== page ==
Jamie and Jacinta's Story
Jacinta and I have just bought our first farm in South West Victoria after share farming for many years. It’s a temperate climate with high rainfall (850mm average annually) and winter pugging can be a problem.
Feeding silage and vetch hay in the paddock meant that wastage and pasture damage in winter was a big problem for us.
We have opted at this stage for an earthen feedpad with concrete troughs. In the future, we will consider a fully concreted pad.
|Herd Size||Now – 516 milkers, year round Future – 600 milkers, year round|
|Area||Total – 290 Ha Milking area – 242 Ha|
|Production||630 kg MS per cow|
|Feeding||Grazed pasture with supplementary feeding on earthen pad in troughs (1.5 T/cow/y). Grain in bail (3 T/cow/y) We’re aiming to grow more pasture and fodder/silage|
We’ve share farmed with our own pure-bred Holstein herd for many years, and inherited some Jerseys along the way. We like cows milking to their full potential. Since purchasing and moving to this farm eight months ago, our first focus has been getting the nutrition right for cows to maximise their production potential. We are keen to do this without compromising the business focus on profitability and growing quality pasture. We split calve so managing and providing feed all year round is really important to us.
This farm has the potential to be quite wet, so we wanted the capacity to feed cows extra but keep them off the paddocks to minimise pasture damage and feed wastage. We are aiming to improve pasture and fodder production so that we can increase milking numbers to 600 head on the same foot print.
The whole system has worked better than anticipated from a durability perspective – some maintenance is still required to top up some gravel soft spots that occurred at the end where mixer wagon turns around. With hindsight, I’d make the mixer wagon turning circle area larger on the end of the feed pad.
The intention is still a future concreted feed pad to increase durability and reliability in extreme wet conditions, and I’m currently pondering the location. Most likely the earthen pad will become a calving pad.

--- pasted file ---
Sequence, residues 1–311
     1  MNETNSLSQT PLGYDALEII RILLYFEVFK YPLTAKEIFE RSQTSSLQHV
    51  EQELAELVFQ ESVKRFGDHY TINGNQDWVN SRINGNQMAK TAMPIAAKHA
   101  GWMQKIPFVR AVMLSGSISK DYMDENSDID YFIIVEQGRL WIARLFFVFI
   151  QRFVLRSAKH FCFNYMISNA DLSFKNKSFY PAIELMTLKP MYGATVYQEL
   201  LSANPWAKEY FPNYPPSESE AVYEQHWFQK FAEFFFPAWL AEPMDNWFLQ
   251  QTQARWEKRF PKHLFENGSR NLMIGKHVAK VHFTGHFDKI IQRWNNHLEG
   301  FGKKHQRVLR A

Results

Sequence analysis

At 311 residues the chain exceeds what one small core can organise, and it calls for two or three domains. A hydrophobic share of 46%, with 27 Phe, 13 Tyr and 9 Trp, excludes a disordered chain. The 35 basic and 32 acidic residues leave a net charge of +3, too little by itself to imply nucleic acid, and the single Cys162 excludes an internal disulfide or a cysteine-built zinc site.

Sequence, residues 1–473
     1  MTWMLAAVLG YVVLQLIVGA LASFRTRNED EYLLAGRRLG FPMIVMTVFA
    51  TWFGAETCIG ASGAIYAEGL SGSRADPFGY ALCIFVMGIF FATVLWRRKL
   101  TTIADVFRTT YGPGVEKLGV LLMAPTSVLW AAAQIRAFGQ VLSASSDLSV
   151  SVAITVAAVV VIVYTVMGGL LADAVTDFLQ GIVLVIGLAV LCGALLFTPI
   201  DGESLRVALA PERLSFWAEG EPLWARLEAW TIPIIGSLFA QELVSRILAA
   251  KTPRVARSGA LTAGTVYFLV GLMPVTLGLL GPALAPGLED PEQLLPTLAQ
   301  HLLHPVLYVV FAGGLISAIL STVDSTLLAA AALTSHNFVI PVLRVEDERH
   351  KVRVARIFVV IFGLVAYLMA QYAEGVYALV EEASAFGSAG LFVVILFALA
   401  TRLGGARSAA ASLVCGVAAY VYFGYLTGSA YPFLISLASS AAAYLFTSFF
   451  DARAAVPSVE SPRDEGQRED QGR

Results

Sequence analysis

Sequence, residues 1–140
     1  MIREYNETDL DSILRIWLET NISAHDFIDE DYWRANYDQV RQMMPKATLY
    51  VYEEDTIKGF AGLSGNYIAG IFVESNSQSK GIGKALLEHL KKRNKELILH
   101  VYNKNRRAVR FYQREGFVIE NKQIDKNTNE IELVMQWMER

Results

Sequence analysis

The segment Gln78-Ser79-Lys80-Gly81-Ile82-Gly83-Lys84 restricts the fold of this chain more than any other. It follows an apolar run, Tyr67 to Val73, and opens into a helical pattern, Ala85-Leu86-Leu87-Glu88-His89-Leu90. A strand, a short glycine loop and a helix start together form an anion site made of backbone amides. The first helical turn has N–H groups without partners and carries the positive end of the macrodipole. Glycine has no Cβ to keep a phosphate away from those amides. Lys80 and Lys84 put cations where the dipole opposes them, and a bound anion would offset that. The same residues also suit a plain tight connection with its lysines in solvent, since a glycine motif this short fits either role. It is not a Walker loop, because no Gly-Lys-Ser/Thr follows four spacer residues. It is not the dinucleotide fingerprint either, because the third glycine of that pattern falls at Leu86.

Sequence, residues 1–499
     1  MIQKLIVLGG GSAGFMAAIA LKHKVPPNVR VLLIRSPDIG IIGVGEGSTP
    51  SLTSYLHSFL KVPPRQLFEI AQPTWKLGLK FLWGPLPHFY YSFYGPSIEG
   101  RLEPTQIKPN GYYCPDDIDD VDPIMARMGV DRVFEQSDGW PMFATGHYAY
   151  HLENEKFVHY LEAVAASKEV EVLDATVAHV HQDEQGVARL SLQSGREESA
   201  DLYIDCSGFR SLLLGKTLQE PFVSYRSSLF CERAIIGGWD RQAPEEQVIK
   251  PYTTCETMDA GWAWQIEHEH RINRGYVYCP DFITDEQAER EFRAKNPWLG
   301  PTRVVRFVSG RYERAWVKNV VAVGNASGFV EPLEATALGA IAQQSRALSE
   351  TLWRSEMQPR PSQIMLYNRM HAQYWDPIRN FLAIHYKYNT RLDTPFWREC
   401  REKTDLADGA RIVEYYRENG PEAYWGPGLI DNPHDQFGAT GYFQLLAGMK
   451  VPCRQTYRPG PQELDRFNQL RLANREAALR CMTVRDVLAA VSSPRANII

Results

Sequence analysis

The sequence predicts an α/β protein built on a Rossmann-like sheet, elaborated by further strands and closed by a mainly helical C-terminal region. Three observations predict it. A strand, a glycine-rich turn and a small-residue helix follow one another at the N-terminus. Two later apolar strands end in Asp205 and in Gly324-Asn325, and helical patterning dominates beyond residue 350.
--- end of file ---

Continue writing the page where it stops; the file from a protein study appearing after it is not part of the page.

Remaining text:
We experienced an instant change – significantly reducing the feed wastage, and from the 480 milking herd, production went up by 800 litres a day. With feed at $300 per tonne and milk price at 45-50 c per litre, this equates to around $900-$1000 per day for us.
The down side is making sure the feed is on the pad before cows enter – this means an extra hour in the evening after milking but this is better than getting up even earlier to put feed out before getting the cows in for morning milking!
We explored the feed pad options with our farm advisor and looked at various local ones. While I would have liked to go down the path of concrete, we weren’t in a financial position to afford the $400K expense.
We compromised, putting in a 108m gravel pad with 30 concrete troughs down the middle (3.6m x 1.2m). I relied on the local contractor experience for the design, and the whole process took 2-3 months. The cows were on the new pad by June 2015.
We actually found sandstone in the base of a dam and moved this for $4 per cubic metre (total 200m 3 ). This cut our costs considerably as we would have had to pay $28 per m 3 to truck it in.
All up, we spent around $90K, including $18K on the concrete troughs. We also purchased a new mixer wagon for $75K + GST. The mixer wagon is on the smaller side for the number of cows we milk, but the 32 cubic metre one stretched the budget too far!